Under Pressure

Gareth Lock (2019)

In diving, human theory is as important as decompression theory.  

Behaviour is contextual: what we do always depends on multiple, complex factors.  Yet, we invariably attempt to understand a person’s actions by reducing them to the simplest terms.  In so doing, we throw out all the information we need to avoid finding ourselves facing the same dangers. 

Under Pressure captures that information through real experiences of divers and uses established science to analyse and explain how such situations evolve.  The commentary adds a depth of understanding of what lies under the errors we make.  Error frequently becomes the fixation for litigation and the placement of blame, this tends to push people to hide their mistakes and so we lose opportunities for learning.  The focus of this book is safety, and how we can improve all of our safety as divers by developing a culture where we can be open about our difficulties and mistakes … so that we can learn to do better.

Consider that our diving equipment has advanced massively in the last decade or so, compared to the technology of the 1950s, the development is exponential.  Well-serviced and maintained kit rarely fails, and when it does it is generally due to user error.  Right now, there is very little stopping us as individual divers from entering the most dangerous environments: caves, wrecks and deep dives.  In diving, the most likely point of failure is the human themselves, i.e. their skills in diving and their ability to self-regulate.  Arguably we need to address the gap between the technology and our understanding of the human diver.  We can do this by sharing stories and learning from each other’s discoveries.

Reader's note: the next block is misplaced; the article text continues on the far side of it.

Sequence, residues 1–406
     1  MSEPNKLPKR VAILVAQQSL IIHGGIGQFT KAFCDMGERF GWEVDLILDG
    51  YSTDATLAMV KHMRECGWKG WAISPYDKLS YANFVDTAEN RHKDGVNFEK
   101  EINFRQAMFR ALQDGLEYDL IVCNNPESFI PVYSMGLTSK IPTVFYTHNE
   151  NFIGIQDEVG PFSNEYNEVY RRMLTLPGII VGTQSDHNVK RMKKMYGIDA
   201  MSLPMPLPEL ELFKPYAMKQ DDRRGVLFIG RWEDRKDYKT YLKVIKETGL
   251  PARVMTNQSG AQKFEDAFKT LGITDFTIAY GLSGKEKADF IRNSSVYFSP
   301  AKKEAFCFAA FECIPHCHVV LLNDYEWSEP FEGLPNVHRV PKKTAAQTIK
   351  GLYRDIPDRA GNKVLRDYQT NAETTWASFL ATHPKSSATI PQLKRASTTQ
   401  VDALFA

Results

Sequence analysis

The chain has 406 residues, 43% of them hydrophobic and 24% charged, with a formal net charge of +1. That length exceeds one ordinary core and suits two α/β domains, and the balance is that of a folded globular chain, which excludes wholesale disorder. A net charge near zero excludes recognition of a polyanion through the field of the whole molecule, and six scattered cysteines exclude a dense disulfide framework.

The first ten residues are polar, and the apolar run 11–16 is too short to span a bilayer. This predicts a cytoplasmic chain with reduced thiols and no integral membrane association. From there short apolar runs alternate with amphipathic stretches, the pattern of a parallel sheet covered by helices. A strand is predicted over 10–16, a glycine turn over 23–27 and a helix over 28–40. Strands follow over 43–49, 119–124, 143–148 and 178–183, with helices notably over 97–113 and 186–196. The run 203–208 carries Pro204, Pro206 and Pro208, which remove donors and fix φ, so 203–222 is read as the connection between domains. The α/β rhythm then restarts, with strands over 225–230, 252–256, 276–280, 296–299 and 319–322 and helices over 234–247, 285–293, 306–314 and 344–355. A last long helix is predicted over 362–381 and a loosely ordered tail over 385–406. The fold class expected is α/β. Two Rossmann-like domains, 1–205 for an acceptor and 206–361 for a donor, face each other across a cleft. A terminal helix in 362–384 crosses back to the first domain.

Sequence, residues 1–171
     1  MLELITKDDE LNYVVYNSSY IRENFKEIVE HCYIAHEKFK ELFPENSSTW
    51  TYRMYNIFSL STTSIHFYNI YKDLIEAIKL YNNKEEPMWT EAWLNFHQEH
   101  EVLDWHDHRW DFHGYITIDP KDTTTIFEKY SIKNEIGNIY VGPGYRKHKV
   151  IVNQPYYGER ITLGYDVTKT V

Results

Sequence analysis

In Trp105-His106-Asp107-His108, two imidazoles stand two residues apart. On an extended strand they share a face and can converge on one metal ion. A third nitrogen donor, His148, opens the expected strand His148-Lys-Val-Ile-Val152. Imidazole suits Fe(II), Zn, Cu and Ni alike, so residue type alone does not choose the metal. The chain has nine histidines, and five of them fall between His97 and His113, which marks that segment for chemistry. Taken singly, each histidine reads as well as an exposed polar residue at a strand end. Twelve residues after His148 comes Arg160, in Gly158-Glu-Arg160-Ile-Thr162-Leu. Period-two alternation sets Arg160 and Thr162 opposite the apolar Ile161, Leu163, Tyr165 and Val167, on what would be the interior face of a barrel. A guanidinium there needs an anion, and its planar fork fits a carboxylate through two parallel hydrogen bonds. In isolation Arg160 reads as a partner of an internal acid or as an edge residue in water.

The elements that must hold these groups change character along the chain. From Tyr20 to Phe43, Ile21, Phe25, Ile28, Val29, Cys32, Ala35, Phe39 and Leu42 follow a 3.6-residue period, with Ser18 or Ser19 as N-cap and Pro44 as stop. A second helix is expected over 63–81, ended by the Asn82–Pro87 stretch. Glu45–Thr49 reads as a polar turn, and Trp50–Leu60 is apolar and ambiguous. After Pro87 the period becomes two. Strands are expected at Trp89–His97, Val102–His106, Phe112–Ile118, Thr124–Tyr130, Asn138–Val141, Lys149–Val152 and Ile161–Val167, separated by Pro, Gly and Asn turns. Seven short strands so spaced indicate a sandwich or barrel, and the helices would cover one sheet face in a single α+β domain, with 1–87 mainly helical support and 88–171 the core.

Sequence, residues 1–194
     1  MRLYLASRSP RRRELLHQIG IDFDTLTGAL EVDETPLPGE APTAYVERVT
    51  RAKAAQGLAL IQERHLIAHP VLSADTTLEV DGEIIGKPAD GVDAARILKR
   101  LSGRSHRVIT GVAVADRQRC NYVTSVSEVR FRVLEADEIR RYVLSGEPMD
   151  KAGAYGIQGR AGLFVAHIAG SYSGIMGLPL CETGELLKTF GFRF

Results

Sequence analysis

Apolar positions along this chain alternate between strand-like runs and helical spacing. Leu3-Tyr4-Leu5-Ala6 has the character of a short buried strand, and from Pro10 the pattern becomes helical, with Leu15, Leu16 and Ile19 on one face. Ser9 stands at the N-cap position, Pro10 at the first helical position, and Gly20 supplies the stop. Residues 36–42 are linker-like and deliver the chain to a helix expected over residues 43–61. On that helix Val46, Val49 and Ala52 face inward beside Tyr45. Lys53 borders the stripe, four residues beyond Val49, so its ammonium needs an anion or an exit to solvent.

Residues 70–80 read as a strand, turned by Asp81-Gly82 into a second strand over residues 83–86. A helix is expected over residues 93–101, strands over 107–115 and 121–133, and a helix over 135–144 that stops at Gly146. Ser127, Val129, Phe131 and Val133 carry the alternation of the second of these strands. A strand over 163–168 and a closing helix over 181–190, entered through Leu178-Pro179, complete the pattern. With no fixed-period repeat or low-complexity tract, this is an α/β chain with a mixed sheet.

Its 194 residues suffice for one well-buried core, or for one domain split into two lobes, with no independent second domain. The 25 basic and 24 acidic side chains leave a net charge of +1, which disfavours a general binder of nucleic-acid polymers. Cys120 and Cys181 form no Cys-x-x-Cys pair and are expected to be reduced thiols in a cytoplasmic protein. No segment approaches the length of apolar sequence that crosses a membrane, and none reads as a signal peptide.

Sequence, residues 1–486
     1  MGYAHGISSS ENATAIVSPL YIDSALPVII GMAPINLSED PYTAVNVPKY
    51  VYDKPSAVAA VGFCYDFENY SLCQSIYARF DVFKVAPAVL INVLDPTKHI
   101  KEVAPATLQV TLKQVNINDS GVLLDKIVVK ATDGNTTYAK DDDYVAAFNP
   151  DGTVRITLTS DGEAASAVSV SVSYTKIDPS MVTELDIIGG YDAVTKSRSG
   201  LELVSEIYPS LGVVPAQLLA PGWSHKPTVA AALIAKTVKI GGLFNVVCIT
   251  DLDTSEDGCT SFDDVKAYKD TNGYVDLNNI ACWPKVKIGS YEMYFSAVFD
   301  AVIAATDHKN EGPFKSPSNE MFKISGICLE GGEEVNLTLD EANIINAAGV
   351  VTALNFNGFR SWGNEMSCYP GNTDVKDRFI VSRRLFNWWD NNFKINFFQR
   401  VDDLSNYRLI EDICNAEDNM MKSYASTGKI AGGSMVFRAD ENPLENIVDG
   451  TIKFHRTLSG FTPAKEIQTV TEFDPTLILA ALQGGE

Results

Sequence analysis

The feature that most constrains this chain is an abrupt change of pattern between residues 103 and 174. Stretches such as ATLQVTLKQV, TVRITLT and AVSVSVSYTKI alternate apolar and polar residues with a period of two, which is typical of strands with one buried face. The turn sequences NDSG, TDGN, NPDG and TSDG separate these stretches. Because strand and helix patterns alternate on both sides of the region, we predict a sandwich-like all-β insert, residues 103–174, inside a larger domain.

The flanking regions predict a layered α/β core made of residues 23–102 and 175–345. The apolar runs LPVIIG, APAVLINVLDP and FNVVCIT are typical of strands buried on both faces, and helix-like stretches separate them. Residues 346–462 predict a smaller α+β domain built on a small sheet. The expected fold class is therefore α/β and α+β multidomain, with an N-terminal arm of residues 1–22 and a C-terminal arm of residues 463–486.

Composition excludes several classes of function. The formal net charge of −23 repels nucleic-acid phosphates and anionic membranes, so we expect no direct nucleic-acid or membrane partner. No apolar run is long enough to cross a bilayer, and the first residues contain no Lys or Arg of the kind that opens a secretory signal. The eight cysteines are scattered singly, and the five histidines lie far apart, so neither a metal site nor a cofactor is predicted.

From humorous to heart-stopping, the variety of case examples usefully illustrates scenarios to which any diver may relate.  Sharing these reflections allows the whole diving community insight into what goes through a person’s mind when under extreme pressure as a diver.  All human divers will see themselves somewhere in this book.

The examples also give revealing glimpses into the thought processes of people in situations from which some divers sadly never returned.  Sharing their reflections allows the diving community an insight into what goes through a person’s mind when under extreme pressure as a diver, and what influenced their decision making.  In addition, these examples show the humanity of some well-known names in diving, we all make mistakes, and the openness of more experienced divers in talking about their own mistakes is powerful to learning.

There are other diving books that recount dramatic tales.  But Under Pressure is the first to connect the accounts with scientific explanation, to guide informed behaviour change and help you to reduce the risks in your own diving.

Remarkably, this is a book about health and safety and a fascinating and enlightening read!